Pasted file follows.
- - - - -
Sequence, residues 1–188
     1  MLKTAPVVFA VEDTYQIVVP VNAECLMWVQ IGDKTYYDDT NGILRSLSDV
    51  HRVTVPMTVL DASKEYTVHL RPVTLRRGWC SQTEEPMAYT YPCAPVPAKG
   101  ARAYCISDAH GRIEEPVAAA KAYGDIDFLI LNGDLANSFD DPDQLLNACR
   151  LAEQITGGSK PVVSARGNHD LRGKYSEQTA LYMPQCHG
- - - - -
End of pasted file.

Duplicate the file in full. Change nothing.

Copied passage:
Sequence, residues 1–188
     1  MLKTAPVVFA VEDTYQIVVP VNAECLMWVQ IGDKTYYDDT NGILRSLSDV
    51  HRVTVPMTVL DASKEYTVHL RPVTLRRGWC SQTEEPMAYT YPCAPVPAKG
   101  ARAYCISDAH GRIEEPVAAA KAYGDIDFLI LNGDLANSFD DPDQLLNACR
   151  LAEQITGGSK PVVSARGNHD LRGKYSEQTA LYMPQCHG